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Congenital diaphragmatic hernia (CDH) is a rare birth defect that occurs when the diaphragm, a sheet-like muscle that extends across the bottom of the ribcage, fails to develop properly or close completely.


The diaphragm separates chest cavity (heart, lungs, ribs) from abdominal cavity (stomach, intestines, liver) and helps with breathing. A hole in the diaphragm allows abdominal organs to move into the chest cavity which in turn can cause these organs to compress the lungs and potentially prevent them from fully developing. Blood flow to the lungs may also be reduced, which may lead to pulmonary hypertension (high blood pressure in the lungs). Increased blood pressure in the lungs can cause the blood to back up and decrease the amount of oxygen going to the body. Pulmonary hypertension can be a life-threatening complication.

Diagnosis and Prenatal Care

CDH is often detected with an ultrasound during pregnancy. Most babies can be delivered vaginally. A team from the neonatal intensive care unit is present at delivery to help stabilize the baby and provide any breathing assistance. Babies who are prenatally diagnosed with CDH should be delivered at a major children’s hospital, such as N.C. Children’s Hospital, that has a high-level neonatal intensive care unit and a team of pediatric surgeons.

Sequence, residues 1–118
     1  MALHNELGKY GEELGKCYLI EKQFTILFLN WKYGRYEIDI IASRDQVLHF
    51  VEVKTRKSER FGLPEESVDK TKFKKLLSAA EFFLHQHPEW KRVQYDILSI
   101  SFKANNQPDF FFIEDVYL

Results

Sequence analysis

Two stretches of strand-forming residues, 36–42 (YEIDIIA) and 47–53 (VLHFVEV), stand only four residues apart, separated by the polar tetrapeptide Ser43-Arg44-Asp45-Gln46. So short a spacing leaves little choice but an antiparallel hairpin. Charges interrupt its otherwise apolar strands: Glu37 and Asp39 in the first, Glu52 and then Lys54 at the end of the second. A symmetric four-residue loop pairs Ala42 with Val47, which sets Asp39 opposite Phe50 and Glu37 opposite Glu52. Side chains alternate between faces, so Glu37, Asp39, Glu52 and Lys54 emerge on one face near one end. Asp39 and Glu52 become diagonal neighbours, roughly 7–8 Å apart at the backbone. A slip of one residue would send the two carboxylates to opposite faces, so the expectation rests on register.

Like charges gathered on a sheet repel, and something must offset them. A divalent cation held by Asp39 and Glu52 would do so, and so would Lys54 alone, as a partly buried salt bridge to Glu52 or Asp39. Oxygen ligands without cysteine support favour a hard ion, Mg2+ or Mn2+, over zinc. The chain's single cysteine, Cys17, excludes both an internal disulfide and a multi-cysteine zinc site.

A baby born with CDH will need to have surgery to move the organs back into the abdomen and to close the hole in the diaphragm soon after birth. The timing of the surgery depends on the severity of the baby’s condition and breathing difficulty. At N.C. Children’s Hospital, our surgeons have expertise in surgical procedures for repairing the diaphragm, including minimally-invasive techniques. The outcome of surgery depends on how well the baby’s lungs have developed and whether there are any other medical conditions. Usually, the outlook is very promising for babies who have enough lung tissue to breathe without assistance.


The use of a heart-lung bypass machine known as Extracorporeal Membrane Oxygenation (ECMO) may be required if a baby’s lungs are not fully developed and standard interventions have failed. When ECMO is used, blood is sent from the body into a machine that adds oxygen to the blood, removes carbon dioxide, and pumps the blood back into the body. The ECMO machine does the work of the heart and the lungs, giving the lungs a chance to recover and grow. It is important that babies diagnosed with CDH are born at a hospital equipped with ECMO.


Babies born with CDH often need regular follow-up with specialists after leaving the hospital. Many babies have chronic lung disease and may require oxygen and medications after leaving the hospital. They are at increased risk for developing respiratory illnesses and may need extra nutrition to grow. Some children might not meet their developmental milestones and will need additional therapy to help with muscle strength, feedings, and activities of daily living. N.C. Children’s Hospital provides the best care possible in a family-centered environment to promote optimal outcomes for babies born with CDH.